COVID-19 has changed the world – shops are closed, bars and restaurants can’t welcome customers, and people’s priorities have realigned.
At a time when consumer-driven governments were the order of the day, all their hopes of convincing people to spend, spend, spend have gone out the window.
Now we’re going to see a shift towards saving.
This is because people have some extra money in their pockets and the time on their hands to decide what they want to spend it on – big things that bring them long-term rewards, like owning a home.
From a change in people’s relationship with money to learning their life goals can be achieved, this is why we’re going to see a move away from consumerism in the post-COVID-19 world.
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COVID-19 has altered people’s relationship with money
Consumerism is the social order that underpins the pre-eminent economic system of the last four hundred years – capitalism.
It’s the glue that links government policy, corporate decision-making, and the general population. But COVID-19 will force a rethink.
People are kept inside their homes by the greatest threat to their way of life they’ve known.
And this threat has had a serious impact on their relationship with money.
They can’t visit a retailer to buy the latest shoes. They can’t go to a pub to order a pint. They can’t go to another country and spend their traveler’s cheques (remember those?) on having a great foreign holiday.
Consumers are now spending less and saving more
People are unable to spend money on the things they used to – you simply can’t say “tonight heading to the hip bar downtown to see a cool band” because those things now exist only as blurry memories.
This has led to two things for many people.
Firstly, they’re finding new ways to entertain themselves and many of these cost little (if any) money – Zoom and Houseparty calls with friends and relatives; afternoons in the park; reading books that long sat on the shelf, unread.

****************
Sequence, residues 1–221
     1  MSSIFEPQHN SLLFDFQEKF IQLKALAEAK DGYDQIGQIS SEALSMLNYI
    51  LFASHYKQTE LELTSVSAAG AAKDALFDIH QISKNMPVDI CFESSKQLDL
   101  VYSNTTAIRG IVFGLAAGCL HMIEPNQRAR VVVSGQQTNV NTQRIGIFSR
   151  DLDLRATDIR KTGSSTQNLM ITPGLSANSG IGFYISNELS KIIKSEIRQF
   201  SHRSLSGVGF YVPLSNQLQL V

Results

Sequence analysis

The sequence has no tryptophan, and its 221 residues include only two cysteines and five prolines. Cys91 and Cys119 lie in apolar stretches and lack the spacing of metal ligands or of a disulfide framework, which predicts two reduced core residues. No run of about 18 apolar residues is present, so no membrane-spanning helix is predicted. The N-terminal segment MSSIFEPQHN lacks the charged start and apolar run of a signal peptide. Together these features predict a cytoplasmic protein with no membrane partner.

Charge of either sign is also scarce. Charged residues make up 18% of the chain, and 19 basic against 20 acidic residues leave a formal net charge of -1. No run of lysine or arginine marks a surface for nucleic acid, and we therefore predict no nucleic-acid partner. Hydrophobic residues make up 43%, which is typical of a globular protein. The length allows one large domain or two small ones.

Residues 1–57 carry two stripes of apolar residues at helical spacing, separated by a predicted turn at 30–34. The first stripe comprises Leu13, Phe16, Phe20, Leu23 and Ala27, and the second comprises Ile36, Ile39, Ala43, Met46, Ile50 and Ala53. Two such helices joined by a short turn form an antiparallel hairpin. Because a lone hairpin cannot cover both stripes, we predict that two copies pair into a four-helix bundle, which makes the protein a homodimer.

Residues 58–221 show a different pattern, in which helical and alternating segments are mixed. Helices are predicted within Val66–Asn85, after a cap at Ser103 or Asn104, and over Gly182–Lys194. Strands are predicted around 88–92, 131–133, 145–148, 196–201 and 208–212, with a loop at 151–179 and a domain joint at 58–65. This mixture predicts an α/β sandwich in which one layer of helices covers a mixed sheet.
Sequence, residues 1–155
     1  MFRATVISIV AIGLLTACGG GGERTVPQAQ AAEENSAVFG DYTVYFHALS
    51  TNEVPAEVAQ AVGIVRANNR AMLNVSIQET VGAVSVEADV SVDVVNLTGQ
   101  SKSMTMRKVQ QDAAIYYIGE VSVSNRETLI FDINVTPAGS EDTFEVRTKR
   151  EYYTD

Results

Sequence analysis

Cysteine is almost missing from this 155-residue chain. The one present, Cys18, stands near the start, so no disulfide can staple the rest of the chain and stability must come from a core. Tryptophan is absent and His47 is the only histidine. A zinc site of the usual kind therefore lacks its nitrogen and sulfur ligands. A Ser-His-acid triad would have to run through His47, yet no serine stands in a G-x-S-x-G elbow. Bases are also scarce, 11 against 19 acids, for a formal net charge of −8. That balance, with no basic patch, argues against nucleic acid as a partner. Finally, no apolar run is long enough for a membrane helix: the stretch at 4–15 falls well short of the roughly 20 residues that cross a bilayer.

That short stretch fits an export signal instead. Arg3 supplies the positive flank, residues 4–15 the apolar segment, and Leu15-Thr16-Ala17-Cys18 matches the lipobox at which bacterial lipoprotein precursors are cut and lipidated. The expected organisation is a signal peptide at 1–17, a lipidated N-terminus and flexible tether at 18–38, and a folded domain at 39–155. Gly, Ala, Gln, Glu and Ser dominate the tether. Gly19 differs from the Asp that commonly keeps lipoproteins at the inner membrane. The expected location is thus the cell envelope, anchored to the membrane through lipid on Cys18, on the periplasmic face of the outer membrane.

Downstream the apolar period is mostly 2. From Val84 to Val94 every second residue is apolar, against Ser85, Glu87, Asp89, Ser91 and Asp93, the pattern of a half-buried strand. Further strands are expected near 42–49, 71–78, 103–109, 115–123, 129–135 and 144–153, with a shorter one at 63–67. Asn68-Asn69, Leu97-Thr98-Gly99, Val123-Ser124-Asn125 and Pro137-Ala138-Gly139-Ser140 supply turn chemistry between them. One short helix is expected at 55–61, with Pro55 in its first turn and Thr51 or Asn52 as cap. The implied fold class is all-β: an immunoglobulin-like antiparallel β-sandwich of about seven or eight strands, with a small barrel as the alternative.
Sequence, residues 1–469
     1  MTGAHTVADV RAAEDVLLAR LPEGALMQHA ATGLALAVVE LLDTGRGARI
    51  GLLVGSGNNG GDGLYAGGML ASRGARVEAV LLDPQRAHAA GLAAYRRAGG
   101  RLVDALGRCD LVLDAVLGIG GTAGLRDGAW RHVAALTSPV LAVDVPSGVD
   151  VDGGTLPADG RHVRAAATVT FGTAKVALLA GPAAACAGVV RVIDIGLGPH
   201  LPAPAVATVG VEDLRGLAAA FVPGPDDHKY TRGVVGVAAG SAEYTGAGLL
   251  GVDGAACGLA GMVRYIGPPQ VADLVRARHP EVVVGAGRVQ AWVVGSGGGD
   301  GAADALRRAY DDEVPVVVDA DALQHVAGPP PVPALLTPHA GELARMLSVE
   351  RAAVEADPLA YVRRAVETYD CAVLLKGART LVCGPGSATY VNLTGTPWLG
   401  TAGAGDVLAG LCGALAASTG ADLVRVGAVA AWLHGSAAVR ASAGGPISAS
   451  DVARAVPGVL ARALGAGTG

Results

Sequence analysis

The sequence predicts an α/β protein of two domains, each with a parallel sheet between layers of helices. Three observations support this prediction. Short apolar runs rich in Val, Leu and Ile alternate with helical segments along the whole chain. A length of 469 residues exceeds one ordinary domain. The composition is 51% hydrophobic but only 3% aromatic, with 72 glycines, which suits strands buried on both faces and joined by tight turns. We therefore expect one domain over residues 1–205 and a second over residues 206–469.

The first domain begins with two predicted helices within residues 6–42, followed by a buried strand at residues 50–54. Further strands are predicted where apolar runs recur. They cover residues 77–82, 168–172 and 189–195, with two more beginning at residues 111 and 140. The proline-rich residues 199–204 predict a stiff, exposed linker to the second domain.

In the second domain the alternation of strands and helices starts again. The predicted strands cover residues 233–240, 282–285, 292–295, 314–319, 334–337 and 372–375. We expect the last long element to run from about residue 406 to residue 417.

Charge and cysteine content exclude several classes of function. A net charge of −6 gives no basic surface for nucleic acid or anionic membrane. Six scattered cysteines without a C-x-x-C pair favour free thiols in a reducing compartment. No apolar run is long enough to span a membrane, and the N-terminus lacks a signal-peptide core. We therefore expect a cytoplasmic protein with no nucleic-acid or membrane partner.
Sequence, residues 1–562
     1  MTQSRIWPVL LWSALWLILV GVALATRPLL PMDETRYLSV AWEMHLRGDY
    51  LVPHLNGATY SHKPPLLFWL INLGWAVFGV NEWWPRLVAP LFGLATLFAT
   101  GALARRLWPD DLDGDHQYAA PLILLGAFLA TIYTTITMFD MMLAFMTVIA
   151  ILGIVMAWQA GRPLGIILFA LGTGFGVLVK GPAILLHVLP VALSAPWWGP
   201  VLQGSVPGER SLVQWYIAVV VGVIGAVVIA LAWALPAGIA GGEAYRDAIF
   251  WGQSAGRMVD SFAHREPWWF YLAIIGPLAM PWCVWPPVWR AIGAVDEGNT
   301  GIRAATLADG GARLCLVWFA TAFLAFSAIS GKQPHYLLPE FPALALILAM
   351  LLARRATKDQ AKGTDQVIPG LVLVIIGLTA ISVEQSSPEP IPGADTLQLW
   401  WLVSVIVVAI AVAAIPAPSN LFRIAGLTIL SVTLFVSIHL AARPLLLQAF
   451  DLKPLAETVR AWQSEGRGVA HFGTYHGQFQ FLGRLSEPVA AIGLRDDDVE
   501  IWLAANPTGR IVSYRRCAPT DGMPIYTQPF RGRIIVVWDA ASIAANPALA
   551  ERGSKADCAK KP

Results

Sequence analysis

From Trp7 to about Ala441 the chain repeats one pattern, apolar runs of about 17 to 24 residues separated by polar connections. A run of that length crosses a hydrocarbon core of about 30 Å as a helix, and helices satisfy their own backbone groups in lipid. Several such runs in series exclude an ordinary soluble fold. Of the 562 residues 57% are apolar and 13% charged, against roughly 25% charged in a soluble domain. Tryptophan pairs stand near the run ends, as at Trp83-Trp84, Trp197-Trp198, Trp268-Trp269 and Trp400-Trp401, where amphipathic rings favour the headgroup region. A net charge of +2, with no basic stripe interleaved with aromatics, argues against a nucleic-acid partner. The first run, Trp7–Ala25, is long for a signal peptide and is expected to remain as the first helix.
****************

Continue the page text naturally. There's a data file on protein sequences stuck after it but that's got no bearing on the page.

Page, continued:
Secondly, they’re questioning what to do with the money they’re saving. This means looking at longterm priorities and, given the uncertainty surrounding post-COVID-19 travel, this invariably means property.
Why? Because what do you aspire to spend big money on if it’s not traveling, a vehicle, or a home? There’s nothing else to save for.
Savings rise & people learn their life goals can be achieved
Owning a home is the wide-awake nightmare that many millennials will relate to.
It was easier for the previous generation to buy a home because it was cheaper to buy a home and there were less consumerist temptations to waste money on.
And the next generation is already cute to the issue, meaning that they make more precise career choices at an earlier age and (crucially) they have a stronger savings mentality.
Millennials (and other aspirational homeowners) have more money in the bank because of COVID-19, but that’s not all they have. They also have lots of free time, giving them ample opportunity to research and planning to get on the property ladder.
For many consumers, money is a big issue, something compounded by the financial certainty caused by the coronavirus pandemic. Consequently, people are using cost-saving options estate agents like REALTOR to put a price on their dream homes and online mortgage brokers like Breezeful to explore how much money they’d need to save to get to that price.
The reality we’re now seeing and living is that you really can achieve the things you want in life by cutting out some of the consumerism in your lives. There’s simply no sense in returning to our old ways of short-term satisfaction when longer-term rewards have demonstrably achievable.
And, sure, saving for a home will take a lot longer than eating out twice a week, but COVID-19 has shown that you can endure time – what you can’t endure is lacking essentials and lacking hope that things can be better.
And if there’s one great irony of COVID-19 it’s this: the last global recession was caused because people hadn’t saved enough money to get a traditional mortgage, and the result of next one is that people will (slowly) have the savings they need to get a proper mortgage.
The great COVID-19 savings irony that threatens consumerism
We’re headed for a post-COVID-19 global recession. That’s a fact and the only point of contention is how long it lasts for and how deeply it penetrates society.
The last recession came in 2008 and it was caused because bad mortgages were sold. This created a chain of insolvency that led to banks collapsing, people losing their jobs and homes, years of austerity, and populist governments.
In a strange twist of fate, this austerity and populism (excused as an antidote to the previous recession) has fueled the lack of pandemic preparation that’s enabled the spread of COVID-19.
And governments want people to get back to work and start spending money again so that it can return life to the way it was before. The thing is, while people want their lives back again they now appreciate different things and have different goals – they want a different life.
COVID-19 has sucked the life out of consumerism by showing people that they can save money, don’t need inessential purchases to have fun, and that they can use their savings that bring real benefits to their lives.
Not sure you buy that argument? Well, ask yourself this now “what am I looking forward to doing once life is back to normal?” It’s not short-term consumerism, it’s bigger priorities, like seeing friends, family, and getting the real rewards from your life.
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